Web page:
2020, Volume 17, Issue 3

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Nadezhda V. Kabinina
Ural Federal University
Ekaterinburg, Russia

To the Origins of Russian Surnames with the Stem Maur-

Voprosy onomastiki, 2020, Volume 17, Issue 3, pp. 65–82 (in Russian)
DOI: 10.15826/vopr_onom.2020.17.3.035

Received on 14 June 2020

Abstract: The paper delves into the etymology of East Slavic (including Russian) surnames with the stem Maur- (Maur, Maurenko, Maurin, Maurinov, Maurov, Maurtsev, etc.). The author shows that these can neither go back to the female calendar name Mavra, as popular Internet sources suggest, nor refer to a female deity from the legendary Merya pantheon, as the first serious researcher of the issue, Nikolay Shvarev, has proposed. Based on linguo-geographic data, the article substantiates another hypothesis that Maur- is an adapted version of the original Ukrainian stem Magur-, originally pronounced as [maγur-] in the territories where the standard [g] is substituted with a velar fricative [γ] (the so-called “gekanie”). Thus, the variant stem Maur- in these surnames appeared in the central and northern Old Russian lands due to the articulatory weakening of [γ]. Historically, this builds on the fact that in the Old Russian period the population of the present Ukrainian lands repeatedly migrated far to the east, to modern Central Russia, fleeing from the Polovtsian raids, the Mongol invasion, famine, and political instability. Analysing the picture of the Ukrainian Magur- surnames distribution leads the author to conclude that these originally arose in the extreme west of Ukraine, on the territory of the Ukrainian Carpathians, where three mountain peaks called Magura are located. It is quite natural that over time, the oronym-based nicknames of the Carpathian inhabitants have developed East Slavic patronymic suffixes (Magurenko, Maguryak, etc.). At the same time, it is possible that some people with nicknames containing the stem Magur- could have been immigrants from Northern Romania and Moldavia, also featuring several mountainous regions called Măgură.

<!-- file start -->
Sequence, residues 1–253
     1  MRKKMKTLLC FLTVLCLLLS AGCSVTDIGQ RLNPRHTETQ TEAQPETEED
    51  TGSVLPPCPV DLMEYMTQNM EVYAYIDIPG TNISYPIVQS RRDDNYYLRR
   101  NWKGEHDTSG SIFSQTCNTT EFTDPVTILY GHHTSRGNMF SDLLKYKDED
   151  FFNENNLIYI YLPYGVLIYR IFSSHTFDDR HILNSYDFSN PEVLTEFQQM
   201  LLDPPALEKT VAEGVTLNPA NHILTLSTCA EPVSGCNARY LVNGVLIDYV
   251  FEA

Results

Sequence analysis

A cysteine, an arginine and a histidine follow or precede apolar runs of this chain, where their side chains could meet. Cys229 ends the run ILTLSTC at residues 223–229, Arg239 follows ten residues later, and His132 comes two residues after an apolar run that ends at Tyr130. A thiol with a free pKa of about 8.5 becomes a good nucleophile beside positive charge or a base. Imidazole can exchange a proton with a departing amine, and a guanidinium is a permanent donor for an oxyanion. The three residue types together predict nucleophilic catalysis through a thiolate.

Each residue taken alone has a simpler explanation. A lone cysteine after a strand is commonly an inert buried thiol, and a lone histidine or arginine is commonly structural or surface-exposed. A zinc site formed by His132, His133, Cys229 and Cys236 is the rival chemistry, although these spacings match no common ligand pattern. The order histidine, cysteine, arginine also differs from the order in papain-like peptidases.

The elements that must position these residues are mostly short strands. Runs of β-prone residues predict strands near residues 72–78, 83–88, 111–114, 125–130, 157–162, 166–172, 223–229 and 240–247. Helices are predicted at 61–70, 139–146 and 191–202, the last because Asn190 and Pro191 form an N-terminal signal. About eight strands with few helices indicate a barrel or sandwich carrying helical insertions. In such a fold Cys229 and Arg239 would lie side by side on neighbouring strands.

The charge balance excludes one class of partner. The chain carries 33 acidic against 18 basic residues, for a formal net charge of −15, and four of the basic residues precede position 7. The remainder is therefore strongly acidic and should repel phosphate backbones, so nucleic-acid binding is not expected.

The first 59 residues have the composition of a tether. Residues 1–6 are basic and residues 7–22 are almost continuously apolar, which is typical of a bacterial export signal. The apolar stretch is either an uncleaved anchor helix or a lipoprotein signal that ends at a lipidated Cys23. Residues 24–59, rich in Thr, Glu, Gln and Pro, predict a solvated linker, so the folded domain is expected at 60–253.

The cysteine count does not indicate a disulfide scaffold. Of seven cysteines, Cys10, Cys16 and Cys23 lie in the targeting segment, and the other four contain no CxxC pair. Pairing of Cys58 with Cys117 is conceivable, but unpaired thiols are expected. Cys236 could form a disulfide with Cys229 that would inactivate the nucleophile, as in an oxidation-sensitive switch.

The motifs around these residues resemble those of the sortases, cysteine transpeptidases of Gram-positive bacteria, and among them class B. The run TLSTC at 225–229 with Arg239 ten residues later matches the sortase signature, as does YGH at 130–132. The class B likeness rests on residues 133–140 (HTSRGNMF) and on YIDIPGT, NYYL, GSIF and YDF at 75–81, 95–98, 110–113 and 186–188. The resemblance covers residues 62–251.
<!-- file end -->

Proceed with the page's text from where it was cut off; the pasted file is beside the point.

Keywords: Russian surnames, Ukrainian surnames, ancient Rostov land, historical Meryan lands, Southern Russia, Eastern Europe, place names, precedent names.

The research was supported by the Russian Science Foundation (grant number 20-18-00223 “Etymological Studies and Semantic Reconstruction of Russian Dialect Vocabulary”).


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